Could there be a map for finding meaning at work?

We think so. We had the pleasure of listening to Professor Marjolein Lips-Wiersma and Lani Morris at the Meaning conference in Brighton. We thought we would share a little more of their ideas – they did pose some challenging questions, but on a practical level, their map of meaning looks like a useful tool.

Our readers will be familiar with people trying to find both meaning and purpose at work, in order for them and the organisation to thrive.

Marjoleine Lips-Wiersma invited us to consider whether part of the problem is having one without the other (i.e. meaning without purpose or vice versa). She suggested that having purpose without meaning can be soul destroying (and may be, for example, the reason why so many teachers leave the profession feeling undervalued). In contrast, meaning without purpose lacks a sense of direction.

‘purpose without meaning can be soul destroying’

Leaders are essential for setting the purpose of an organisation, though they probably can’t actually create meaning for others (and meaning, we are told, is a fundamental human need). Meaning happens in every day experiences, having time to chat to a customer or to meet some personal need in your life – these may be tiny moments and are possibly quite personal.

Whilst leaders probably can’t create meaning for others around them, they can remove obstacles to others finding meaning in their work. Leaders may play an essential role in enabling their colleagues to experience meaning at work. Could what are sometimes heard as everyday complaints at work in fact be the absence of destruction of meaning?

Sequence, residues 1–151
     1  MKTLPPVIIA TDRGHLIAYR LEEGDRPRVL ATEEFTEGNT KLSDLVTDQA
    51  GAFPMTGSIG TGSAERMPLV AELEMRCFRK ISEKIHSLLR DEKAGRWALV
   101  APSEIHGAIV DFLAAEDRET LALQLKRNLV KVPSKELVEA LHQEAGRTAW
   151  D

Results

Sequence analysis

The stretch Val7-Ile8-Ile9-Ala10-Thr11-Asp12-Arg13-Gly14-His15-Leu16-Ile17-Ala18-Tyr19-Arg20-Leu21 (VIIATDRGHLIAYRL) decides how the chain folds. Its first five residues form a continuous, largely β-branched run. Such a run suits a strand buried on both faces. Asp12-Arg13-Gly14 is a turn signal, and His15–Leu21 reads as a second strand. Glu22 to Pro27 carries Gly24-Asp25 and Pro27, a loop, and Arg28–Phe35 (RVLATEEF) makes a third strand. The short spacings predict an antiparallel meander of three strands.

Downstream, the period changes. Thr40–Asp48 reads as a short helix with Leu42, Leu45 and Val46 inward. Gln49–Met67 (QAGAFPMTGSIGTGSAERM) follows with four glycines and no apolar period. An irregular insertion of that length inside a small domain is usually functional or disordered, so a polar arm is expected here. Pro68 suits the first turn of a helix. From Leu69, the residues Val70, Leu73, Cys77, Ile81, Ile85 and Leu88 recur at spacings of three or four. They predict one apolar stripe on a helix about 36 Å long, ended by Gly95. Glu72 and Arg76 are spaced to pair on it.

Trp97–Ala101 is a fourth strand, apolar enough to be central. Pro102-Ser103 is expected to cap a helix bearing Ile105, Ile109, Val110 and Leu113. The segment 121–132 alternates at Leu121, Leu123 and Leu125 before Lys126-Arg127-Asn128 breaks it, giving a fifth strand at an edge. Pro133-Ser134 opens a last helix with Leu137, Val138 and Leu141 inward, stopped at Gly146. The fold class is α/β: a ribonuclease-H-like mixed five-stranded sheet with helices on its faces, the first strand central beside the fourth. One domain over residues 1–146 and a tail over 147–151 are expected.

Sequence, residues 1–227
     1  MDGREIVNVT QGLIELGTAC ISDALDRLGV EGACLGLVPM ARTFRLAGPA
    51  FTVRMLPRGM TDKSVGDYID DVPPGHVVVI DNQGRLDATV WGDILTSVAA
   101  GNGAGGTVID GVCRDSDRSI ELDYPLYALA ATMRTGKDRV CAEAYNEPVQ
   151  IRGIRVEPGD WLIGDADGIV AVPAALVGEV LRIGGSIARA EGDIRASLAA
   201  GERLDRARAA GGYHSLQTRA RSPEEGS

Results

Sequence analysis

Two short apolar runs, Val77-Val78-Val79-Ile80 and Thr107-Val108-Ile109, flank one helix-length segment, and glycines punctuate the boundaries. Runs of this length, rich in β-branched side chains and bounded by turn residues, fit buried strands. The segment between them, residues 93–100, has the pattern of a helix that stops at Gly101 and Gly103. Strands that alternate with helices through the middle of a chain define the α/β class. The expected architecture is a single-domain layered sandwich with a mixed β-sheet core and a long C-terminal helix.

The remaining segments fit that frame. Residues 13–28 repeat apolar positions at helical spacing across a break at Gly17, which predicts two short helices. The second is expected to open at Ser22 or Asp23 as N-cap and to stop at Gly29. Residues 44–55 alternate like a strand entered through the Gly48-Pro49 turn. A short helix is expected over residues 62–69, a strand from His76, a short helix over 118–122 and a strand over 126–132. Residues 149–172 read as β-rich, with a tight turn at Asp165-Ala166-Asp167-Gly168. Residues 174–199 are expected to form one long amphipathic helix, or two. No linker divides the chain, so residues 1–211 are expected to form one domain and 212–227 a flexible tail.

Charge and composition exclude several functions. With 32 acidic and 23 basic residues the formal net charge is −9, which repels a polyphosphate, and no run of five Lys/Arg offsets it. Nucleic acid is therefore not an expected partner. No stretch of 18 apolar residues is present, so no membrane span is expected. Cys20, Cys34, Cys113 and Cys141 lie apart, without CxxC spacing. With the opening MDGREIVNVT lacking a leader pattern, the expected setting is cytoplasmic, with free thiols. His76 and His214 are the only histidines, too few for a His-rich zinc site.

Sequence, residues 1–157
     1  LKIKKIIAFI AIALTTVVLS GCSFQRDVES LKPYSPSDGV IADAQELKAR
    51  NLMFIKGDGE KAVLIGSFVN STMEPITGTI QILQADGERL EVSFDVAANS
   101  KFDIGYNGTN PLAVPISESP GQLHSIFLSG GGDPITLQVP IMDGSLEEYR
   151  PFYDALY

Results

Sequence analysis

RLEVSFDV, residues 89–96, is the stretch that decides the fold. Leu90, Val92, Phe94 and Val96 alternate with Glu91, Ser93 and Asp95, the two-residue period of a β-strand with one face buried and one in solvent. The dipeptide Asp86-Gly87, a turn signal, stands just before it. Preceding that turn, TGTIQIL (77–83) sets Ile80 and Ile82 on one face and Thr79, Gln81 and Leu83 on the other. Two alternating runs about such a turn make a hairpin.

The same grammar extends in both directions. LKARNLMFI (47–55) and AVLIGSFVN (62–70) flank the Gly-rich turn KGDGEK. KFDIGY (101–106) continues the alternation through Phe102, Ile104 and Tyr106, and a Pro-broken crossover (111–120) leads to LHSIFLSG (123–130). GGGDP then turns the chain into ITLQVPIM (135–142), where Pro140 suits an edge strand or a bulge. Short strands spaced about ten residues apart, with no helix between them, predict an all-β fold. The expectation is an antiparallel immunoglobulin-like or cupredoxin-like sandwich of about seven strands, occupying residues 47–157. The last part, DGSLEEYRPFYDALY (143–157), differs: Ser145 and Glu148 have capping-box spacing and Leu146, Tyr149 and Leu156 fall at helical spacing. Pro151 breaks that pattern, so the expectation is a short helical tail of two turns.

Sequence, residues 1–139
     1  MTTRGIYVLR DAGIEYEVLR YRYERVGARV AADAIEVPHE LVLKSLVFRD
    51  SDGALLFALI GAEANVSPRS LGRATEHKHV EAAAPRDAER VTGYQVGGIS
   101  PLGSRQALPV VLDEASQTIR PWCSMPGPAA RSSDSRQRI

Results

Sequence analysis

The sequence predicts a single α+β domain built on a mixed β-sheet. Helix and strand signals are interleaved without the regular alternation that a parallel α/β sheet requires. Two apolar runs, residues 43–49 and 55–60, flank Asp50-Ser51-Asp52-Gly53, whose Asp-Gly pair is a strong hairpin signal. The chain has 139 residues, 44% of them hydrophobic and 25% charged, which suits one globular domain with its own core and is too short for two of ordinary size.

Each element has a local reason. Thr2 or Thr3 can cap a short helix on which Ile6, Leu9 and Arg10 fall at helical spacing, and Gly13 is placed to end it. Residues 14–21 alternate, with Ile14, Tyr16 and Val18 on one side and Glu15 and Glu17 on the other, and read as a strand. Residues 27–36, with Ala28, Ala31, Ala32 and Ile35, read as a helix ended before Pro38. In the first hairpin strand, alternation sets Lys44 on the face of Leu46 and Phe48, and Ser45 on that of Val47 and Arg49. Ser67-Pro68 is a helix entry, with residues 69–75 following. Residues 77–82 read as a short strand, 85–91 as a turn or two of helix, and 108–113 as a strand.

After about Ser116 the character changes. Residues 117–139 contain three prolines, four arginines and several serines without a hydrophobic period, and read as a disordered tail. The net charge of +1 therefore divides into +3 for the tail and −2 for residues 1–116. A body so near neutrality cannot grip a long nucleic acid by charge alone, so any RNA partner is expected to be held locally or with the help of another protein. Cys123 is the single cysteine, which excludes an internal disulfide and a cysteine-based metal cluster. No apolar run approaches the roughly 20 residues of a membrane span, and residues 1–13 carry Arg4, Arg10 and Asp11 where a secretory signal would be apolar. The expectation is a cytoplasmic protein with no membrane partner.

‘Could …everyday complaints at work in fact be the ‘absence or destruction of meaning’?’

We were introduced to the Map of Meaning (and these ideas are expanded in a book ‘The Map of Meaningful Work’). The map invites people to evaluate and create their own meaning by considering four elements in their daily working life and whether they are being sufficiently met while at work. Employers who encourage their workers to do this and then enable the adjustments to be made, could reap the rewards with truly inspired workers.

The four elements involve people considering whether they are able to demonstrate the following in their lives:

– ‘Unity with others’ (working together with others)
– ‘Integrity with self’ (being true to themselves)
– ‘Expressing full potential’ (reaching and utilising their full potential)
– ‘Service to others’ (serving/helping others)

A simple map inviting workers to explore these ideas and then make small adjustments to their day-to-day work could have a significant impact.

We were reminded that this may not be simple – and that meaning comes from facing the struggle and being true to ourselves. It comes and goes across our lives and at different times we may need to express it in different ways.

Our comment

The map of meaning feels like it could be a useful tool. Annual reviews and people development are evolving - perhaps a Map of Meaning incorporated into a review process/one to ones, would also lead to some truly rich discussions?